19 minutes ago, Wothan said:

Flying at too low cruise speed also means You will fly with a higher angle of attack, which will increase drag and counteract any fuel saving.

Say what?!?  Maybe if you are on the back side of the power curve but that is hard to do at cruise speeds.  The square-law rules here, drag increases with the square of the speed.

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On 8/8/2017 at 2:12 PM, 19AB67 said:

How to find the optimum, ie. max TAS with acceptable fuel consumption...?

An excerpt from the EXCELLENT "2008 Propliner Tutorial"

Quote

FLIGHT PLANNING REQUIRES CHOICES

During flight simulation we must always be clear which aspect of the aircraft performance envelope we are attempting to maximise with our careful flight planning and subsequent targeting during execution of the plan.

The ‘Boys Book of Wonderplanes’ will report the maximum range and economical cruising velocity of L049A as though they were compatible, but we must grasp that it cannot possibly do both at the same time. They are incompatible targets. There is a correct combination of MAP and rpm to maximise efficient flight (econ cruise power) and a very different MAP and rpm to maximise range (long range cruise power). Very different cruising level, velocity, speed and drag must be *planned*.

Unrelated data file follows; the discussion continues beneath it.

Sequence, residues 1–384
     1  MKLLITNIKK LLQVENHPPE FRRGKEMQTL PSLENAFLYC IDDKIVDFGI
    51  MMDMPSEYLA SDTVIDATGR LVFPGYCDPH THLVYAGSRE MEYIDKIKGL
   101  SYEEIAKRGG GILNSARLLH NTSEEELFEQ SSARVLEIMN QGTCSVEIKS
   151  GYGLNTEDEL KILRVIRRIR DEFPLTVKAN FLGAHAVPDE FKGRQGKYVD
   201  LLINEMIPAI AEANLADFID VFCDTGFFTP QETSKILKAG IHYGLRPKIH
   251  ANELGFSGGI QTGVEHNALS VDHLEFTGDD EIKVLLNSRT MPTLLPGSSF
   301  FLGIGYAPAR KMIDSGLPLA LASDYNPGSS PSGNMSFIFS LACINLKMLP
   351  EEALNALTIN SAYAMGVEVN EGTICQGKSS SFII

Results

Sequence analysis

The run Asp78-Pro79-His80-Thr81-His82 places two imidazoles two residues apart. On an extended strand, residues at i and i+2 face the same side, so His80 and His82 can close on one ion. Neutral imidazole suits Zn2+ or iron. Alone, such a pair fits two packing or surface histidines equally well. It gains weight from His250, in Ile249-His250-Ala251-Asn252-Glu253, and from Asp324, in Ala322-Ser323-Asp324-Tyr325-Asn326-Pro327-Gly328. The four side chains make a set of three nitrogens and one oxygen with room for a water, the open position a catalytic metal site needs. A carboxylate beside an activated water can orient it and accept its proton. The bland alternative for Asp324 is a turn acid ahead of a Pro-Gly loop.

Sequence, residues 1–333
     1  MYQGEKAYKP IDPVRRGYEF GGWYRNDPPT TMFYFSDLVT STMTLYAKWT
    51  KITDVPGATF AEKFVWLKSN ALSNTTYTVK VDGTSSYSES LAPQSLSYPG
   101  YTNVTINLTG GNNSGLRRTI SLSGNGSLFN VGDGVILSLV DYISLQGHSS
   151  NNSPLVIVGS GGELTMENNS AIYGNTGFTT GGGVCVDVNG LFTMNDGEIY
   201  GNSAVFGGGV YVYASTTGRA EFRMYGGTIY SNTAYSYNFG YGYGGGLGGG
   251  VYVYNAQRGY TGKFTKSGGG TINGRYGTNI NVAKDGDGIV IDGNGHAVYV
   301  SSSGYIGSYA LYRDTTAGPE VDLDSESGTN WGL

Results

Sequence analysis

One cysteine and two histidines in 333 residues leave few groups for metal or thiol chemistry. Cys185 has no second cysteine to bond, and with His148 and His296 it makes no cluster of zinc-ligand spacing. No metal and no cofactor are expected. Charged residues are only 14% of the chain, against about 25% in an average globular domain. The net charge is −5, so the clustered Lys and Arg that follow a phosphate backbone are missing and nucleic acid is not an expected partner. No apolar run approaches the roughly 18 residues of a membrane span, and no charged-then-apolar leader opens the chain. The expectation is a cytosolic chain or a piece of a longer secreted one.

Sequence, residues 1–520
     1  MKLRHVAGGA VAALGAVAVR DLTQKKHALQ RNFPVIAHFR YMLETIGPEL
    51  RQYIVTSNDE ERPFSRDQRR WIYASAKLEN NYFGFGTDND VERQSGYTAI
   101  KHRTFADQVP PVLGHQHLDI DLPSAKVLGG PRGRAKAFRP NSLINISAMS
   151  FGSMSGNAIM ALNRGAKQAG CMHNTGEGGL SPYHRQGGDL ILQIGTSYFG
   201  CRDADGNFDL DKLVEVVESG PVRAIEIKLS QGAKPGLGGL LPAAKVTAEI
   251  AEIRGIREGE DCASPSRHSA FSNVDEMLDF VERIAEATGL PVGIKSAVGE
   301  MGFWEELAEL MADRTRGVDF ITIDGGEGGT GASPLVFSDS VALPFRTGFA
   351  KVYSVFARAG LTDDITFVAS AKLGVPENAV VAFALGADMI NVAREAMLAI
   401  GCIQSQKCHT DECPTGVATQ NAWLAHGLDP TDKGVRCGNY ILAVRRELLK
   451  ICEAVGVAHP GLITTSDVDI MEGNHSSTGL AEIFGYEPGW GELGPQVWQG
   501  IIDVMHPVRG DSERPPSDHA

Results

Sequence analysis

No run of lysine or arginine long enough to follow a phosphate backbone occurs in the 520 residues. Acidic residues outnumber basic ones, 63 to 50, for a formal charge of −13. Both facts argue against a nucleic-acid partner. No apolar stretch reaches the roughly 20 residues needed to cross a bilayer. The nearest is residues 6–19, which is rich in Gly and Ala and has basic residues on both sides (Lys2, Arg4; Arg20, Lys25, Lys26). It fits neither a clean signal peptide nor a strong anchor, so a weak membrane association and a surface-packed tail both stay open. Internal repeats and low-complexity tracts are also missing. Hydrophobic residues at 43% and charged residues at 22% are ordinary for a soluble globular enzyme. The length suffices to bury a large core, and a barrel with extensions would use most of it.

We are the ones who have to plan it! Flight planning is about our intention. Before we begin simulation we must ask ourselves; ‘what do I intend to maximise during this simulated flight’? How we plan the flight and the numbers we must use in the plan depend on the answer to that question.

During either maritime patrol or combat air patrol operations we will most usually plan for maximum endurance, but during airliner operations we will most usually plan for maximum economy and profit. During certain types of military operation we might instead plan for corner drag at combat ceiling. If the handling notes were properly prepared they will contain the most relevant flight planning data.

No automated flight planning software can make that decision for us. We must answer that question and plan accordingly.  We must extract the *correct* flight planning data from the on screen _ref.txt handling notes.

 

 

Robert Toten

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Carb heat has nothing to do with visible moisture, actually.  Even a small percentage of moisture in dry air can condense in a venturi in a carburetor.  I will readily admit I haven't read the POH for the DC6, but in the C150 I fly any time the RPM is outside of the green arc, carb heat is necessary.  This is effectively any time you are on the ground and when you are on your descent and approach.  Just my two cents.